My Man Floyd

I own a total of one Floyd Cramer record, and this is it. 1966’s Only the Big Ones (RCA Victor), contains some pretty heavy-hitters: The Summer Wind, You’ve Got to Hide Your Love Away, Yesterday, What’s New Pussycat?, and a personal favorite, Hang on Sloopy. Only the Big Ones is a bit more groovy to be considered elevator music, but like “yesterday’s” addition, is a very good representation of uplifting, happy-time instrumental piano-jazz music.

60-Year-Old Slogan

If your standard, run-of-the-mill record sleeve is referred to as a jacket, think of this simply designed, 60-year-old, thin sheath as an undershirt for your coveted records. RCA Victor Records manufactured this elegant slogan in the late 1950’s (this one found inside Perry Como’s When You Come to the End of Your Day, LSP-1885 from 1958), and although I wasn’t around then to verify the legitimacy of its claim, I dig the somewhat modest approach at presenting this familiar phrase. I tend to side with a company that developed and released the first 33 1/3 record and the first 45 rpm record, so it’s legit in my book.

Listen…

…┬áto these recent RCA Victor releases. This is a command, not a suggestion. Top tier entertainment advertising from 1960, right before your very eyes. Como Swings (LSP-2010, 1959), Chet Atkins’ Teensville (LSP-2161, 1960), and Elvis is Back!, presumably from that hip-swingin’ clam bake (LSP-2231, 1960). These titles and many more are “now available in NEW ORTHOPHONIC and LIVING STEREO versions.” Contact your dealer for more details.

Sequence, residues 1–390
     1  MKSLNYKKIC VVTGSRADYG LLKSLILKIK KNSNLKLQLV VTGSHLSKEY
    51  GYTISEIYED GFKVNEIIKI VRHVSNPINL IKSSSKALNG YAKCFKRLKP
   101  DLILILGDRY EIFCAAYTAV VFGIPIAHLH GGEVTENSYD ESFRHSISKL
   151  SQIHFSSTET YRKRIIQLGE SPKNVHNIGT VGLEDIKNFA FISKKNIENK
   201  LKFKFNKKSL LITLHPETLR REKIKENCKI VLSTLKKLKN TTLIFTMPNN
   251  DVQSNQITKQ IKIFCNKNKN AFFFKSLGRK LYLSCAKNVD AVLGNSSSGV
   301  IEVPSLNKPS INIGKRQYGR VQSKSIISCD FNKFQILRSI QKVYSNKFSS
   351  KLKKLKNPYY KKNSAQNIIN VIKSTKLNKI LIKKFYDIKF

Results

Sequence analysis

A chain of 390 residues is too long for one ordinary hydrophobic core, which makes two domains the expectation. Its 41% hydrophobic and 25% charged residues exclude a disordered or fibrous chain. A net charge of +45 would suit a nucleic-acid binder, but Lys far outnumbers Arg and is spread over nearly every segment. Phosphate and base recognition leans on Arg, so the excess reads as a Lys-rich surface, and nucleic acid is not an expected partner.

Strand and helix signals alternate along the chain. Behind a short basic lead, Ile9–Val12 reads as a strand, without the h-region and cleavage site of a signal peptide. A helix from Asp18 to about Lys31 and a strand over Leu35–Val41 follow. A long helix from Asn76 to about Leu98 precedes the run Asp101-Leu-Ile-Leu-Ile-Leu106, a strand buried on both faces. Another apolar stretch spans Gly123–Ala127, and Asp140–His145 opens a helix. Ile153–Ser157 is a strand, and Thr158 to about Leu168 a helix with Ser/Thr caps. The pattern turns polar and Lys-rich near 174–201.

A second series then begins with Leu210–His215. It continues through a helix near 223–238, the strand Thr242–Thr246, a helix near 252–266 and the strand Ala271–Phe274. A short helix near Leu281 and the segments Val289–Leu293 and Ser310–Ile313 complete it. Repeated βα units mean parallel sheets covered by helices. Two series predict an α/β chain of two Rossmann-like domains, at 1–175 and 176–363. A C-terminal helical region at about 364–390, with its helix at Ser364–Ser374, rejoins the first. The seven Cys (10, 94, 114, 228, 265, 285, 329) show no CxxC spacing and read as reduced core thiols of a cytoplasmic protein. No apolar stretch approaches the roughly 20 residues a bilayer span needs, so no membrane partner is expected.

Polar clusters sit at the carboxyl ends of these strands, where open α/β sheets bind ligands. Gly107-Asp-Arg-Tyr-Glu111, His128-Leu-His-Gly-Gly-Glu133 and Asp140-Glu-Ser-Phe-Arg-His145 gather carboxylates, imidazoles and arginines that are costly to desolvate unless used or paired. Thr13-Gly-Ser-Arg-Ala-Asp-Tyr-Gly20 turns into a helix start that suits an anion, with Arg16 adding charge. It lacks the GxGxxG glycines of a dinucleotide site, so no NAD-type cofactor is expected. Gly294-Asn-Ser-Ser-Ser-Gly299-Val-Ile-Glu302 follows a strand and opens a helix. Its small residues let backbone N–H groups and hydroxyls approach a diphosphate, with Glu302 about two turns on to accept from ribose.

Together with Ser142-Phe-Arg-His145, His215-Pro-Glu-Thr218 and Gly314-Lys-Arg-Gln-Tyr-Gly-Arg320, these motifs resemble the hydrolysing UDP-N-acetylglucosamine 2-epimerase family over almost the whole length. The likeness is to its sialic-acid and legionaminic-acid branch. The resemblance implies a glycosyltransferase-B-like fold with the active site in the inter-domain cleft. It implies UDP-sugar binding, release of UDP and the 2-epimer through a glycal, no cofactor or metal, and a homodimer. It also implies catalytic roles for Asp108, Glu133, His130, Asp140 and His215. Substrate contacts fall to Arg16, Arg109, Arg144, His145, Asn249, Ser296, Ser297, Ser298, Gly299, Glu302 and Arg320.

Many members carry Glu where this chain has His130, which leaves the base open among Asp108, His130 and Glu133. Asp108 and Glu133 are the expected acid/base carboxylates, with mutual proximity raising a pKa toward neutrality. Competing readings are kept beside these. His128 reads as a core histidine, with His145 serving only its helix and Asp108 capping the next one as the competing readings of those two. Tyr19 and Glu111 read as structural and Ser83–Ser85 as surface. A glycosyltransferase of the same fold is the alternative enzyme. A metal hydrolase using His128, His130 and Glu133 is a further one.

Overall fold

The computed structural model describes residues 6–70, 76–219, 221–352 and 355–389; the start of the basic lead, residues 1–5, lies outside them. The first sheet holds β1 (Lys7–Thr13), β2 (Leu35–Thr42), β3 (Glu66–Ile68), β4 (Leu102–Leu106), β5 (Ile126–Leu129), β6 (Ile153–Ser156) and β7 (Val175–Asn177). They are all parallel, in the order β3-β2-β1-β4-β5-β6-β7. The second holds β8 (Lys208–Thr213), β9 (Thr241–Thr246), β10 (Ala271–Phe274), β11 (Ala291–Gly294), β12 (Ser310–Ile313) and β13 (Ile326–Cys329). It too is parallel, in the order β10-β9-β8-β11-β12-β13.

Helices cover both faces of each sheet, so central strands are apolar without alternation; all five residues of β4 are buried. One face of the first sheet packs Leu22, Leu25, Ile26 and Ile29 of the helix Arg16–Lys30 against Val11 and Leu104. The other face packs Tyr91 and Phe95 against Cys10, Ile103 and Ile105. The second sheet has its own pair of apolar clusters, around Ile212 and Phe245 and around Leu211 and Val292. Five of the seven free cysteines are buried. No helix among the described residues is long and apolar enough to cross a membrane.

The Music America Loves Best (1951 Version)

By 1951, RCA Victor Records had released enough records to fill a 280 page catalog. This is a fact. From “A” You’re Adorable (47-2899, 1949) by Perry Como to Zigeunerweisen, Op. 20 (LCT-1002, year unknown), RCA’s entire production could be found in clear black and white, and as the catalog itself suggests, “The records in the Request Catalog (not pictured here) your dealer will order for you, gladly and promptly.” So dig in and mosey on down to your brick and mortar for some great RCA Victor releases!

Esque

Part insert, part cover (thanks to the die-cut heavy duty outer shell), this glossy sleeve to Esquivel and His Orchestra’s 1962 classic, and Space Age Pop essential, Latin-Esque give an in-depth look into the technical advances in the recording of this album. It’s an interesting read, and remember kids, this is 1962.
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As she goes, “This album represents, to the best of our knowledge, the first time in the history of stereo recording in which absolute separation of channels has been achieved.” Click on the photo to continue reading.

DAYO

Calypso, Harry Belafonte’s third album, is an exciting and turbulent ride. It precedes Jump Up Calypso, my personal favorite, by about five years, and is pure, unquestionable, Belafonte gold. Both figuratively and literally, having officially reaching Gold status, and it was the first LP in history to sell over one million copies. Don’t believe me? Check the cover. “One of the Biggest-Selling Albums of All Time… Says it all, mate!

$0.92… Folk That!

BelaI was a little apprehensive upon finding Harry Belafonte’s first album in the $1 bin at my local brick & mortar today. I mean, she’s been widely distributed, enjoyed, and redistributed over the past 62 years (1954 -2016), and as a result, she’s a bit beat-the-shit-up. SEVERAL skips marinate the vocal forthcomings of this majestic record, but I still don’t question the trade of my GW. Not only because it’s Mr. Belafonte’s first, but because it’s that damn good.